Tag Archives: Development Areas

March Madness–Albemarle’s Planning Philosophy


By. Neil Williamson, President

Oregon_St_Utah_Basketball.JPG_t1140Imagine you are a college basketball player and in the final tournament game, the officials change the rules – calling fouls that usually would be ignored and ignoring others that would usually be called.

In addition, the basket automatically changes height dependent on which player is shooting and from where. There was no change at the rules committee, there was no open discussion amongst coaches – those charged with making the decisions just changed how they judged things – this is Albemarle County planning philosophy today.

Please let me explain.

Albemarle, in big ways and small, is changing the way they look at property where the Rural Areas and Development Area boundaries meet. The Comprehensive Plan, which is only a guideline, calls for density up to the edge of the development area (see below) but recent actions see that philosophical pillar being eroded.

On the development area side, the Adelaide proposed subdivision  on the edge of the Crozet development area provides one example of eroding, or perhaps evolving, planning philosophy.

In the Crozet master plan the land was designated for “3-6 dwelling units an acre” – the Adelaide proposal came in at 5.5 units an acre. (editor’s note the Free Enterprise Forum does not take positions on specific projects only policy thus had no position on this or any other application).

In her defense of her vote in opposition, Supervisor Ann Mallek wrote to the Crozet Gazette:

I stand behind my vote to deny Adelaide to uphold important features of the Crozet master plan … .The primary reasons for my vote were stated in the resolution I read as part of my motion to deny. Three supervisors thought the density was acceptable at the high end of the range. Three thought the density should be at the low end of the range. A 3-3 tie results in denial of the application.

Additional reasons for my vote:

  • New density on the edge of the growth area, surrounded by forest and rural uses, should be at the low end of the range suggested in the comprehensive plan and master plan for Crozet. …
  • The highest density buildings were placed at the highway, further encroaching on the rural nature of the State Scenic byway. Emphasis added – nw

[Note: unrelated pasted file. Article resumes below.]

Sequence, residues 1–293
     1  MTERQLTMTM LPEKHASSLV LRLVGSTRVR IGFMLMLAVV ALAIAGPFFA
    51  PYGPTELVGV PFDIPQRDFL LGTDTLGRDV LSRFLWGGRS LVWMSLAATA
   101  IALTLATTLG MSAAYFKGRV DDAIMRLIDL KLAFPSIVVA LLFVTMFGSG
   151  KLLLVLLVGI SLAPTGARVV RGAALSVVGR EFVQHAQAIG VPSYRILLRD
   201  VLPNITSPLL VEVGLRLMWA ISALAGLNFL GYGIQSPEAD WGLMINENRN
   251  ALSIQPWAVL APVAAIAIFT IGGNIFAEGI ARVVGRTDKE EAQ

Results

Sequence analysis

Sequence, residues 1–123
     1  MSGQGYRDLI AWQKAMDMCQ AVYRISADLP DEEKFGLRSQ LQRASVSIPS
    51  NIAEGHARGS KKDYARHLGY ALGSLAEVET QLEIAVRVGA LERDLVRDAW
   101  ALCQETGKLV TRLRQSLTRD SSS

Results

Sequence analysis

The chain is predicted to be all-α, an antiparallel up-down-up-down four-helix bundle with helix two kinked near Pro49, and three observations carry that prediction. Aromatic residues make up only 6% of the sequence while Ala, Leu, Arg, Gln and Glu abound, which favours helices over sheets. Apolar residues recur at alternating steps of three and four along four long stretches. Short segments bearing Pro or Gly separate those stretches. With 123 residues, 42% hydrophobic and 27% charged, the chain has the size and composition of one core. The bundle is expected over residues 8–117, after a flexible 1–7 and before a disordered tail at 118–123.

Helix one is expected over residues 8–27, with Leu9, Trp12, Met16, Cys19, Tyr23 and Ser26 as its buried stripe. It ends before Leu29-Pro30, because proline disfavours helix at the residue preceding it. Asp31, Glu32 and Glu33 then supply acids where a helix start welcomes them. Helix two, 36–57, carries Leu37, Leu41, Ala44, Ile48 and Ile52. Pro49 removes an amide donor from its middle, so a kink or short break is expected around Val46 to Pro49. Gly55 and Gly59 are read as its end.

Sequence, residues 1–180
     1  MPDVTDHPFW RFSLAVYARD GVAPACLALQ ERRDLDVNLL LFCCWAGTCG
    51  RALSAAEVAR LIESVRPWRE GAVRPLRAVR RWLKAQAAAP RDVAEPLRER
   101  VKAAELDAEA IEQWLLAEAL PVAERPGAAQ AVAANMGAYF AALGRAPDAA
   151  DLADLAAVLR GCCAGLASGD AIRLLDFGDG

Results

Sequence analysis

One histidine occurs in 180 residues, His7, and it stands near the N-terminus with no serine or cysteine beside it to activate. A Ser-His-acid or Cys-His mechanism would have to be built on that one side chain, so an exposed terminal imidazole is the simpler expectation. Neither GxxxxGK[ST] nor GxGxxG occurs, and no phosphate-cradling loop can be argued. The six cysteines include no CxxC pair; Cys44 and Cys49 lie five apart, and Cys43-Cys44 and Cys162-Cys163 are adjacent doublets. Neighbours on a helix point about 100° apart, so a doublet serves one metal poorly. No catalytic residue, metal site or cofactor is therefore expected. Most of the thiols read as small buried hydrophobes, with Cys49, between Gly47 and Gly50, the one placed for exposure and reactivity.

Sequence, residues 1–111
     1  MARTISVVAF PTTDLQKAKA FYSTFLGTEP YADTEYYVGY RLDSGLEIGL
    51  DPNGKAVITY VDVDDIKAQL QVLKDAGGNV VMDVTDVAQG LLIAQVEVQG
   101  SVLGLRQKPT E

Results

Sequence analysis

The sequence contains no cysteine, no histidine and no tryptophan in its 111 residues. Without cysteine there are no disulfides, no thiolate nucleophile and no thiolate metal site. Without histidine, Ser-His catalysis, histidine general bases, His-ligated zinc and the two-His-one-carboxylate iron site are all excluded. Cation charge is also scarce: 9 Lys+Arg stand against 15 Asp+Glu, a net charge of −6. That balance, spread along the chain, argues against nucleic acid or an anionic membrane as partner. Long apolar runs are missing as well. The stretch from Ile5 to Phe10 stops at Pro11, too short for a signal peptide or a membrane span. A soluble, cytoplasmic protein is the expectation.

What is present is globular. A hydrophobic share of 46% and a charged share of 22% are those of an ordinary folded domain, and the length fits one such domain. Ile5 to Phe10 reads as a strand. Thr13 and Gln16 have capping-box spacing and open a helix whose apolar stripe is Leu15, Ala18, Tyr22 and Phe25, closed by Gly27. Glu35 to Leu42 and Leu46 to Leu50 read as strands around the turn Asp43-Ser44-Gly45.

Regarding the rural side of the line, earlier this year during a discussion of Farm Winery, Brewery and Distillery events, Supervisor Diantha McKeel said:

We’re looking at, in my district, on Hydraulic Road, in the middle of the urban ring.. an event center [winery] essentially an event center surrounded by 25,000 homes. It is in the rural area but in the urban ring.  The folks that live in the area are very patient with music from Albemarle High School, they love the band on Friday night – but to have something that brings in this type of traffic and noise and impacts without some restrictions is unnerving and I get that it is a little unusual place.

To prevent having rural enterprises adjacent to the development areas Supervisor Rick Randolph suggested:

Perhaps none of the edges of the winery parcel can be outside of the rural area.

Albemarle County Attorney Greg Kamptner informed Randolph such a provision would be in violation of state law.

All of this discussion took place despite the explicit direction of Albemarle’s Comprehensive plan that calls for clear edges between development and rural areas.  Interestingly the very neighborhood McKeel discussed was called out in the plan

8.26 Albemarle Comprehensive Plan Clear Boundaries with the Rural Area

Strategy 2r: Promote use of Development Area land up to the boundary with the Rural Area. Do not require transitional areas between the Rural Area and Development Areas. Part of Albemarle’s beauty and attractiveness for residents and visitors is their ability to clearly see and appreciate the features of both the Rural Area and Development Areas. Discerning the boundary between the designated Rural Area and the Development Areas is important because it affects where and how new development should take place.. . .

Visual clues are also helpful in identifying the Development Areas-Rural Area interface. Land use on Rural Area Edgeboth sides of the boundary should be so distinct that residents and visitors know they are in the Development Areas or the Rural Area. Theses visual differences help to define expectations and appreciation for the different areas. Figure 20 clearly shows that the left side of Rio Road is in the Rural Area and the right side is in the Development Areas. . .

Transitions of large-lot subdivisions at the boundary are discouraged, as they are neither rural nor urban.They are too small for agricultural uses and muddy the edge. Emphasis added – nw

One easy solution would be to expand the development areas to encompass what McKeel calls the urban ring.  Dependent on the size of the expansion it could create, for a time, a buffer area of non conforming uses.

The larger core question revolves around the duality of two comprehensive plan land types, Development and Rural. A plurality of planners today see the world in a less binary reality.  The most popular planning philosophy of the day deals with the concept of “Transects” which is taken from the environmental sciences.

The Center for Applied Transect Studies (CATS) Explains transects this way:

To systemize the analysis and coding of traditional patterns, a prototypical American rural-to-urban transect has been divided into six Transect Zones, or T-zones, for application on zoning maps. Standards were written for the first transect-based codes, eventually to become the SmartCode, which was released in 2003 by Duany Plater-Zyberk & Company.